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Difficulty in learning physics

  1. Jun 16, 2010 #1
    1. The problem statement, all variables and given/known data

    Hi everyone,

    I am taking 'Mechanics' ( Introductory level - Calculus based ) this summer. I already passed my Calculus I ( Differentiation ). The text book we are using is " Physics for scientists and engineers" by Serway. I am facing some difficulties with learning. I found that it is not like math. What is best way to learn physics. Text book is too confusing for me. Is there are any good calculus based physics books other than Serway?? Thank you!!

    2. Relevant equations



    3. The attempt at a solution
    1. The problem statement, all variables and given/known data



    2. Relevant equations



    3. The attempt at a solution
     
  2. jcsd
  3. Jun 16, 2010 #2
    I think Serway is pretty good, that's what I used as a freshman. Another popular text is by Halliday and Resnick, you could try that out.

    Once you build your physics intuition you'll find physics to be quite easy. It's pretty easy to build an answer when you already have an idea of how the answer will look like. Maybe we could help you out more if you say what you are specifically struggling with.
     
  4. Jun 17, 2010 #3
    I have trouble with interpreting the word problems to the equivalent mathematical statements.:confused:
     
  5. Jun 17, 2010 #4
    I am currently using the Serway book for my intro mechanics class, and I will agree that it is a somewhat dense book, the reading is a bit rough. What are your note taking habbits both in and out of the classroom? I find that students, including myself, who scribble down copius amounts of notes often get left behind because it is very very difficult to follow along with the next concept while writing down the last concept. I now only write down examples, no notes what so ever from the lecture, but I am very invovled in the lecture basically repeating everything my proffesor is saying and if it clicks I move on, if not I question it. When I approach these problems, I attempt to visualize what is happening ( I am a visual learner) and what ought to happen, I set up a range of acceptable answers basically. There is one caveat to this approach and that is that physics is sometimes opposite to human intuition my highschool physics teacher once told me "Physics is the most illogical, logical science". Also you may already know this about physics as well with calc, and that is physics is a practice sport, it cannot just be read and via diffusion you are Richard Feynman. Being profficient in physics does not just come from a great memory or good comprehension, it comes from the confidence of being familliar with all problems your proffesor may deliver to you. The long short of it is practice, practice, practice as well as a different mind set. Trying to relate physics concepts to math concepts is difficult and so far in my studies the only simillarities I have found were with related rates from calc, other than that math is just understanding differentiation/integration rules and some abstract thought (at the calc I level anyway). Physics on the other hand is all abstract thought and remembering a few of the general rules such as conservation and so on. Hope this helps, and if what I have said you are already doing, then take it as positive reinforcement of your method.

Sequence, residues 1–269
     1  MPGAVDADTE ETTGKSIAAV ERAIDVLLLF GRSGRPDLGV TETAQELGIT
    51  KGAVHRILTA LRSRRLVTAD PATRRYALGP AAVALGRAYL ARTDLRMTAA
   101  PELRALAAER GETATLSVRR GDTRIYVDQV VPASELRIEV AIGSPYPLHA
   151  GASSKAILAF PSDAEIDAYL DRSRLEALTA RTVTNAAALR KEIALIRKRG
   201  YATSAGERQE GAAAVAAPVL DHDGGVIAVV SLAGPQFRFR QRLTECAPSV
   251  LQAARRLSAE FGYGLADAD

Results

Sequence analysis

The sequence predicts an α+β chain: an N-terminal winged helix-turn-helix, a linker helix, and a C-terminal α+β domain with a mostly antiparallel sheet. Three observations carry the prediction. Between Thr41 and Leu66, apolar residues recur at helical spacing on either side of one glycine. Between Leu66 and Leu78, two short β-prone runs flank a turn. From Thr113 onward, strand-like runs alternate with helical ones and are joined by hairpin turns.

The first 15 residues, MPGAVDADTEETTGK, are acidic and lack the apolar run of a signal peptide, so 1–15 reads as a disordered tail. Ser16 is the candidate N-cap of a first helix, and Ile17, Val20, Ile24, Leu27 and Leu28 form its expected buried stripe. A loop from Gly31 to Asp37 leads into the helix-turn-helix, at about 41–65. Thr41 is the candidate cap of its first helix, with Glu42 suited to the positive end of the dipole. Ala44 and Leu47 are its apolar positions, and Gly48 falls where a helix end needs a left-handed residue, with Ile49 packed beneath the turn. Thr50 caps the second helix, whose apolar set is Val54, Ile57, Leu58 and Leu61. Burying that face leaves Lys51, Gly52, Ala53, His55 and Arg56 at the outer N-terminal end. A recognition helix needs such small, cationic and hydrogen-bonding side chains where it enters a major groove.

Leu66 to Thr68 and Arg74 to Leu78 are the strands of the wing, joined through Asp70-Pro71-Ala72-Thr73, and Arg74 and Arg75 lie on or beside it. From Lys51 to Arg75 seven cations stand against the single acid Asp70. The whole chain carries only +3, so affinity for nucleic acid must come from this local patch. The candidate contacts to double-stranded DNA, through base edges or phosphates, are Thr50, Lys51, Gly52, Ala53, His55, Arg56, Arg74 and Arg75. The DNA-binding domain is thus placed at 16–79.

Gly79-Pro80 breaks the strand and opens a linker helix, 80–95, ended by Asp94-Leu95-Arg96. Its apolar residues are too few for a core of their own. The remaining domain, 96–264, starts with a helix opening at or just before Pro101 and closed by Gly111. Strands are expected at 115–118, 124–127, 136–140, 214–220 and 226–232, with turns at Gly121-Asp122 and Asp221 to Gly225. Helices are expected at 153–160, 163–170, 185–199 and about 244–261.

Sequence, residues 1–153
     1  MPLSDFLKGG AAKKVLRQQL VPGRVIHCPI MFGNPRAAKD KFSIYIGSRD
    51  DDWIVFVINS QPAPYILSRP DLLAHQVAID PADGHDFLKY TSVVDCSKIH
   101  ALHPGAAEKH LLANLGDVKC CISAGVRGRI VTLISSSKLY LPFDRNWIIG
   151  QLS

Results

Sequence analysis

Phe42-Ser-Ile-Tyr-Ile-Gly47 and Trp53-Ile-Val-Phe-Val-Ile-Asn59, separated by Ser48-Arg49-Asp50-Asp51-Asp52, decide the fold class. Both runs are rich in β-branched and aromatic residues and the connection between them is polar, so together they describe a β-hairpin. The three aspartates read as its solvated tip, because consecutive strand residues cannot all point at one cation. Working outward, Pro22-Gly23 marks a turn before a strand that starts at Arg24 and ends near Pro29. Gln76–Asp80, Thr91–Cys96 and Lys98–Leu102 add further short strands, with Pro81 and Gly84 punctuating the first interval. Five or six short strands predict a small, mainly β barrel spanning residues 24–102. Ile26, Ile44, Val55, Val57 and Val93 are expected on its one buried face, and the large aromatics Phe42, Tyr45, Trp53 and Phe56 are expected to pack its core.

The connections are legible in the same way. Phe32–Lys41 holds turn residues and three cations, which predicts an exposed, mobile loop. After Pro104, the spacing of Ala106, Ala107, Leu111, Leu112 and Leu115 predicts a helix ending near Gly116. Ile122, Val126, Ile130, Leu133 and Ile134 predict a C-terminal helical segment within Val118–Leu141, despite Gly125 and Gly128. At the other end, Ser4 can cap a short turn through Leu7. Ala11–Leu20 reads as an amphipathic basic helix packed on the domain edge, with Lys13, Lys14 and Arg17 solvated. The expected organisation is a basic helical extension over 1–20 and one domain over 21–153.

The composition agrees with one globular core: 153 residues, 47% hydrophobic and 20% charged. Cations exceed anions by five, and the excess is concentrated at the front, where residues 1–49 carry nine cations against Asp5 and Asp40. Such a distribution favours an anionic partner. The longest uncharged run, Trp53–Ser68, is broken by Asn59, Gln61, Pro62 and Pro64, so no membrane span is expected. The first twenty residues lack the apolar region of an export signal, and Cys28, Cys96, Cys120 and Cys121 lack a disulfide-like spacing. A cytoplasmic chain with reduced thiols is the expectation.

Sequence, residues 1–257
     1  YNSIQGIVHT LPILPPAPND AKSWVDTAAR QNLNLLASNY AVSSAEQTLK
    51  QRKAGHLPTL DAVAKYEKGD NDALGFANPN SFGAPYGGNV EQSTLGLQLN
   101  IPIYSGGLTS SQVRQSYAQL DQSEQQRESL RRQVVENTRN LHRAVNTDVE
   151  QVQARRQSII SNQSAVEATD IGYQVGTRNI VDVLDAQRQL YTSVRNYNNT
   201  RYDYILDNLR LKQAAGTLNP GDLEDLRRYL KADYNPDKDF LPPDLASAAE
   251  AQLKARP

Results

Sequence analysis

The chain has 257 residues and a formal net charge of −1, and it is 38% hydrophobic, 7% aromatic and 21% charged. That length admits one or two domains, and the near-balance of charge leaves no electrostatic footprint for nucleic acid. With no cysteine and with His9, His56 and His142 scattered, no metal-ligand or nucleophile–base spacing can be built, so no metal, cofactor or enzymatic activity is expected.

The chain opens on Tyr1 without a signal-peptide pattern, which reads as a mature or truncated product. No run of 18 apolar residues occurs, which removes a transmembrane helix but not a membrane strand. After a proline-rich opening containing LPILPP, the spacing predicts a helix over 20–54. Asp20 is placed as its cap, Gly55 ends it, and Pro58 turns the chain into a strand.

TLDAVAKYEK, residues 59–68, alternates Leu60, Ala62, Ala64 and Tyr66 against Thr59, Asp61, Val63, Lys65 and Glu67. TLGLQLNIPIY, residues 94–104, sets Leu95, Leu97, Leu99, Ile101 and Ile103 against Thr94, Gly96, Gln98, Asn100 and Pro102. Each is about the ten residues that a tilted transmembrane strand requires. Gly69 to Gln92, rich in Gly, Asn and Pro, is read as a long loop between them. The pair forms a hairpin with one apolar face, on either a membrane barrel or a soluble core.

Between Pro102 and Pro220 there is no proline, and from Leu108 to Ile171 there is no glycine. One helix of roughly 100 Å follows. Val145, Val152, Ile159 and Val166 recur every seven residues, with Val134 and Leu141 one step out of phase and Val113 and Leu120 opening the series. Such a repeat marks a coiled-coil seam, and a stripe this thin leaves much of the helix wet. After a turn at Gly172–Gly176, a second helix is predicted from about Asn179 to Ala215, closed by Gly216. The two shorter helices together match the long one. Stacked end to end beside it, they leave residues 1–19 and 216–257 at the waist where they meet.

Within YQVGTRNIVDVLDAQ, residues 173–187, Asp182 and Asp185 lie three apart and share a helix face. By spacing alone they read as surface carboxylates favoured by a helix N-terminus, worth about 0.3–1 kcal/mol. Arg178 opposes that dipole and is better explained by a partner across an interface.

Joe
     
  6. Dec 29, 2010 #5
    All my profs have said, the difficulties in physics may not always be the math, but interpreting exactly what the question is asking.

    I always find drawing a picture writing your known values and physical principles involved helps. It is important to also do all the examples in the textbook, and figuring out exactly why each thing is the way it is.
     
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